Run by married and gay Islamic scholar, Ludovic-Mohamed Zahed, and the founder of Homosexual Muslims of France, the exact location of the new mosque has not officially made known as security fears are running high, with Islamic leaders condemning its opening.
Mr Zahed believes the mosque will stress the importance of “accepting everyone as equally God’s creation,” fighting off controversy as Dalil Boubakeur, rector of the Grande Mosquée in Paris, claims: “worshippers go to a mosque to worship god, they don’t go to demonstrate their sexuality.”
The cleric added: “This is an abuse of the definition of a mosque.”
However, plans are in the making to perform same-sex marriages in the near future, as Mr Zahed told a Turkish newspaper: “We will start with Friday prayers, but we will perform marriages afterwards.”
Although not supported by any formal Muslim institution, the mosque may make way for Islam tobegin talks on LGBT issues, after a British Muslim student recently opened up about his struggle to cope with being gay, urging Islamic leaders to “stop sweeping the issue under the carpet.”
Known only as Yusef, the student is an active member of his university’s Islamic Society, who blames Muslim communities for failing to provide sufficient support to anyone that is LGBT. In a blog for The Huffington Post, he claims “Muslim communities tend to treat such deeply personal matters as elephants in the room.”
“Of course, one such elephant is homosexuality, specifically the idea that someone who is gay, lesbian, bisexual or transgender (LGBT) can also be a devout Muslim.”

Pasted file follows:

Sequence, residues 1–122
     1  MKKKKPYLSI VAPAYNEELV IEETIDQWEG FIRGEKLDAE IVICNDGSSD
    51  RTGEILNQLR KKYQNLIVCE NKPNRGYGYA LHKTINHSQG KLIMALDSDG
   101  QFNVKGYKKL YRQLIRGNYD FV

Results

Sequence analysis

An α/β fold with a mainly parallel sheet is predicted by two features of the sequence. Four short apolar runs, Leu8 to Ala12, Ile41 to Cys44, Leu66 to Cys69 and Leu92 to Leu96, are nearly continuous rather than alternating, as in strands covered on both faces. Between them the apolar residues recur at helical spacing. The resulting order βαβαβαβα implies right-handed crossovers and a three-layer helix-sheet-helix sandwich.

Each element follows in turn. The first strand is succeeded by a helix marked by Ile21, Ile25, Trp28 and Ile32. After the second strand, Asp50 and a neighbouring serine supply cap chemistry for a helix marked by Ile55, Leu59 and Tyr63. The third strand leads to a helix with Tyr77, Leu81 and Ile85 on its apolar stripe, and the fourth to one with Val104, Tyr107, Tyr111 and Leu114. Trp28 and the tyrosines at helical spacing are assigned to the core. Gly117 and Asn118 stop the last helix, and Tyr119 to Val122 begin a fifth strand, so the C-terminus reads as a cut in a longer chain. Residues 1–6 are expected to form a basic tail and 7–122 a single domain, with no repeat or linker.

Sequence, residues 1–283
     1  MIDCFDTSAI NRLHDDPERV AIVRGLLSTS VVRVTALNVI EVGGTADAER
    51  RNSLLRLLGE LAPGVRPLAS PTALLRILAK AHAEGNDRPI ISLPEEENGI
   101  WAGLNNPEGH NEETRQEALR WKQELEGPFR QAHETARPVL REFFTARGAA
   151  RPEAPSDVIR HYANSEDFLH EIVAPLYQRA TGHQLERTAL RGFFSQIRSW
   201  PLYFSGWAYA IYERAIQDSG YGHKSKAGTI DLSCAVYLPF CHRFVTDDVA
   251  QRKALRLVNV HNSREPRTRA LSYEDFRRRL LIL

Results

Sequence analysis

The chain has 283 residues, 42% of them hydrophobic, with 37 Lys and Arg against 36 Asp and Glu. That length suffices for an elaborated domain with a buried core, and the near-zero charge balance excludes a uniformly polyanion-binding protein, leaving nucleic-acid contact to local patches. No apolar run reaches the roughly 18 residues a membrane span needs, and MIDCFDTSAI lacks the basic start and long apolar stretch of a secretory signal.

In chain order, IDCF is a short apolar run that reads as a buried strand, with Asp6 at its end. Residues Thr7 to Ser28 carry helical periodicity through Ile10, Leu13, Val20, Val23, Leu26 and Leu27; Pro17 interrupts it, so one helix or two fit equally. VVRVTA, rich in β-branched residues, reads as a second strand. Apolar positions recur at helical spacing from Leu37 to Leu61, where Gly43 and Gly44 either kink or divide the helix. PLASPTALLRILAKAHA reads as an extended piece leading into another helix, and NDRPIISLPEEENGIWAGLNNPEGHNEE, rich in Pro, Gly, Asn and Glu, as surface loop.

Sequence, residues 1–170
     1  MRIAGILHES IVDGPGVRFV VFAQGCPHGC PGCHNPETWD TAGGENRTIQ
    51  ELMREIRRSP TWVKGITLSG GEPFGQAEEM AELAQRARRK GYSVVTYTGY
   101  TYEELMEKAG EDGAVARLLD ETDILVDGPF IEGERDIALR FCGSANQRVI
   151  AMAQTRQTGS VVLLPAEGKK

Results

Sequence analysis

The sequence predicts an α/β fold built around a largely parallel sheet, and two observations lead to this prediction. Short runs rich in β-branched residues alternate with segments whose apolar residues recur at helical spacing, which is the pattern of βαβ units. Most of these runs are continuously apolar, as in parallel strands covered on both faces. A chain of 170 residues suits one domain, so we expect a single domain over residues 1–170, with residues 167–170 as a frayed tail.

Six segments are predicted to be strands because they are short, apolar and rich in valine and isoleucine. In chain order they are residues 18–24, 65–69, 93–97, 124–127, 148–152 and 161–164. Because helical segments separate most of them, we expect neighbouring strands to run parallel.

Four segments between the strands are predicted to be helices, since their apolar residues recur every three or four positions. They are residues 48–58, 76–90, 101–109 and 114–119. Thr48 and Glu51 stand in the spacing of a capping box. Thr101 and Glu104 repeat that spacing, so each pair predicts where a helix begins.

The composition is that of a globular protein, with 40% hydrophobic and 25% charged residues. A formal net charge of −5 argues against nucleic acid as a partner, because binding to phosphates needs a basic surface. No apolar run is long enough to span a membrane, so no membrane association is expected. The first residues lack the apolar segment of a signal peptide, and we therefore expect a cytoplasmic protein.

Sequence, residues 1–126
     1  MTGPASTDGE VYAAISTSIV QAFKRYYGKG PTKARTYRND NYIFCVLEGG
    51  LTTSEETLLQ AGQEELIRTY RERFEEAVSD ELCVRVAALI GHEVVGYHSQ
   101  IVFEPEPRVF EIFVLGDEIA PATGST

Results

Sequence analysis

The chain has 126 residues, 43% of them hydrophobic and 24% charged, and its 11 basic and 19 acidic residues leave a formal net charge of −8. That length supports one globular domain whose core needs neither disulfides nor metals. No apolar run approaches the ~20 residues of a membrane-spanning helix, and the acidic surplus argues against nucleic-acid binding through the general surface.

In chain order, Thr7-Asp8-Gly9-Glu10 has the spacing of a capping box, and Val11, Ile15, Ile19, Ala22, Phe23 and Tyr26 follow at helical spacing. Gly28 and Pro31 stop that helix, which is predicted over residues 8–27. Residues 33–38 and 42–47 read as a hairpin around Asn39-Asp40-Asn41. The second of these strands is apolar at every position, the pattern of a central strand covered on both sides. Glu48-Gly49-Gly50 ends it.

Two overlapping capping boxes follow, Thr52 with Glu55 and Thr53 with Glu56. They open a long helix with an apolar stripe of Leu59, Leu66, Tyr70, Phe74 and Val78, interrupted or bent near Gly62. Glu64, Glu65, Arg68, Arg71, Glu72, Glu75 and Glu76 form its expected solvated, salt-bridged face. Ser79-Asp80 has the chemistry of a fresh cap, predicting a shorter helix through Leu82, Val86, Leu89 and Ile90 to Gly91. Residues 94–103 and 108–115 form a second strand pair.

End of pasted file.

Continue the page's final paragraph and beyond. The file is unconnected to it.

“If you’re a Muslim coming to terms with the fact that you’re gay, lesbian, bisexual or transgender, I’m not going to offer you some generic advice and avoid the your actual concerns altogether, as some scholars might. I really wish I could point you in the right direction, but that’s part of the point: the Muslim community needs to do more to support those of us who are LGBT.”
Mr Zahed hopes the Parisian Mosque will provide a safe, gay-friendly alternative currently missing from Muslim religious spaces. “In normal mosques, women have to sit in the back seats and wear a headscarf and gay men are afraid of both verbal and physical aggression.
“After performing the Hajj, I realised that a mosque for gays was a must for gay Muslims who want to perform their prayers.” In an article for the Guardian, he stressed that: “today in France, gay teenagers are almost 15 times more likely than those who are straight to kill themselves because of their sexual orientation.”
He added that he believed his religion had aided the suppression of his sexual orientation: “I have found out that I had been pushing down my feelings with the help of Islam.”